Chetan Gowda announced that the SotM Asia will take place in Bengaluru (a.k.a. Bangalore), India on November 17-18. Don’t forget to register!
Registration for FOSS4G Oceania (20–23 November 2018, Melbourne) is open.
Geofabrik usually organises two or three hack-weekends each year in their own offices. Christine Karch tells us in a blog post (automatic translation) that the most recent event had to switch to a larger location at Karlsruhe University, as 9 people joined to plan the next SotM in Heidelberg, plus 7 JOSM developers seized the opportunity to meet face to face and discuss long-standing issues.
OSMF’s new Belgian local chapter is planning their first official meeting during the week of November 13th.
The United Nations Population Fund reports how Crowd2Map Tanzania is using OpenStreetMap to fill gaps on maps in rural Tanzania to end Female Genital Mutilation (FGM).
A short summing-up shows HOT’s preliminary conclusion after 3 weeks of its Hacktoberfest. HOT thanks everyone who has worked on issues related to usability and experience of the Open Source tools, performance, and general bug fixes.
There are several Missing Maps events around the globe during November where you may want to participate.
Gastronomy objects will no longer be displayed by small icons in zoom level 17 but by orange dots as they often created a visual clutter.
Recreation.gov combines campsites and facilities from 12 US federal government bureaus, allowing users to search and make reservations. Until recently, search results were displayed on a Google map, but the new website includes a makeover with OpenStreetMap and Mapbox as the basemap.
We have reported before rescues of hikers occasioned by the use of OSM without evaluating the terrain by other means, such as topo maps. Now, according to CBC Canada, a hiker had to be rescued by helicopter from the top of a cliff in British Columbia. Allegedly the hiker was benighted because they relied on Maps.me for an estimate of how long it would take to walk in the mountainous terrain. An issue was reported in 2017, but it is not entirely clear if the situation still exists with the current version.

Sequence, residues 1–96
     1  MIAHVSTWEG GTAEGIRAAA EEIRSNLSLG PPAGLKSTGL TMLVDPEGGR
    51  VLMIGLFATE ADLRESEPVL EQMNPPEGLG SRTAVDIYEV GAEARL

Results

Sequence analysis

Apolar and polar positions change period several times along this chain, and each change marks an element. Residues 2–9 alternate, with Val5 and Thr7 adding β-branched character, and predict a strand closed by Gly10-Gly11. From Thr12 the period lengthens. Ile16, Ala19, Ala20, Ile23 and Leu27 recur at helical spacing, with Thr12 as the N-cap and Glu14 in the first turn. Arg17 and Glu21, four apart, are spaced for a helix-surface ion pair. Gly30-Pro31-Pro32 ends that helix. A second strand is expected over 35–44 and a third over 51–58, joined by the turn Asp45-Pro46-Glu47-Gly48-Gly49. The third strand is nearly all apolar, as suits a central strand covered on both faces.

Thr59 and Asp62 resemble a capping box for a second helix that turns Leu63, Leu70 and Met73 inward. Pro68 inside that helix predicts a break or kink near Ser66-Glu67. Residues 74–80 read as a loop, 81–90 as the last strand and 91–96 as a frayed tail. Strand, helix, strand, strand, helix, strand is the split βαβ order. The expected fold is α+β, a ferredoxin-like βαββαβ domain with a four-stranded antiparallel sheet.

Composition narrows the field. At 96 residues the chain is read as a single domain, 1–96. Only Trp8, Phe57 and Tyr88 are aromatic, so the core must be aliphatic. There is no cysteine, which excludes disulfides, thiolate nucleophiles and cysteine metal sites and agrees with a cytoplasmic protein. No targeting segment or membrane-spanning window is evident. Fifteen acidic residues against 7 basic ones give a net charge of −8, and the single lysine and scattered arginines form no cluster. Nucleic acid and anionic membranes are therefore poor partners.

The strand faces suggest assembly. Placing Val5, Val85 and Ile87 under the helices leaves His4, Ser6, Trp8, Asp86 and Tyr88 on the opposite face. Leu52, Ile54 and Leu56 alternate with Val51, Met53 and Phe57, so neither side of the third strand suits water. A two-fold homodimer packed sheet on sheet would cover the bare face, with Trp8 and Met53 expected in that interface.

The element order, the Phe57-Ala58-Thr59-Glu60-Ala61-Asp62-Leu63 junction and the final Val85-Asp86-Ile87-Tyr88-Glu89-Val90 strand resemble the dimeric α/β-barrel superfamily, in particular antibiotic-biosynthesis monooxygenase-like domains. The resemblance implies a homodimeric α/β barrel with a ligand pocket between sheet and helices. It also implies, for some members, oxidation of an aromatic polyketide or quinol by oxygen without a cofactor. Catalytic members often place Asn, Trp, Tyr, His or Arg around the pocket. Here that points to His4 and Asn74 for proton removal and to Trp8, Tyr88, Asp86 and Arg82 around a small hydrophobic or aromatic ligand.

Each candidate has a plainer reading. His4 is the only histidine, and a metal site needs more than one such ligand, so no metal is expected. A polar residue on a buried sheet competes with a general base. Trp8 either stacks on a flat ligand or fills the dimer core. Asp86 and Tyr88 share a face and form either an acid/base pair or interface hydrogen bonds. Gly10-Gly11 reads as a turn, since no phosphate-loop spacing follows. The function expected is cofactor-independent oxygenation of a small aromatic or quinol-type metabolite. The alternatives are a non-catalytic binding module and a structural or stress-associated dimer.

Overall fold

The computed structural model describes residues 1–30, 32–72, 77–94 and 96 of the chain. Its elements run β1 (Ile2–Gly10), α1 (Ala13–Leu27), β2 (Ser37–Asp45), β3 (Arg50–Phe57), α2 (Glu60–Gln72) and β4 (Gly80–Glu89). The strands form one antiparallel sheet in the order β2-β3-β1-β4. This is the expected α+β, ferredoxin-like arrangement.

The world’s most visited cemetery is Père Lachaise in Paris. Super Lachaise, an iOS app, allows you to easily find historical monuments and prominent graves.
Rémy Mathieu wrote a blog post titled Rendering a map using Go, Mapbox and OpenStreetMap where he explains how to retrieve and draw map data. He plans to write another article as he aims to finally render fantasy styled maps.
JOSM release 14382, version 18.10 is out. The enhancements include a new option to show the object version in lists, an increased default overpass wizard timeout, the cut of overlapping GPX layers when merging, the MapCSS function is_similar and many minor improvements.
QGIS 3.4, the first long-term release of version 3, has just been published. New expression functions and code completion for the expression builder have been added to this version.
Did you know …
netidee is the largest Open Source Internet promotion in Austria. netidee stands for openness, transparency, and sharing. The results of all funded projects are available to the public for use and further development (“open source principle”).
Other “geo” things
 Mapping Londonwrote an article about a map that shows the modelled 2020 annual pollution levels of NO2 based on data from the London Atmospheric Emissions Inventory 2013 (LAEI). The map was created using Mapbox’s 3D WebGL libraries and is client-side rendered.
Garmin continues its famous GPSmap series with the Garmin GPSmap 66s. The German biking website gpsradler.de has published (automatic translation) a test of the new GPS handset.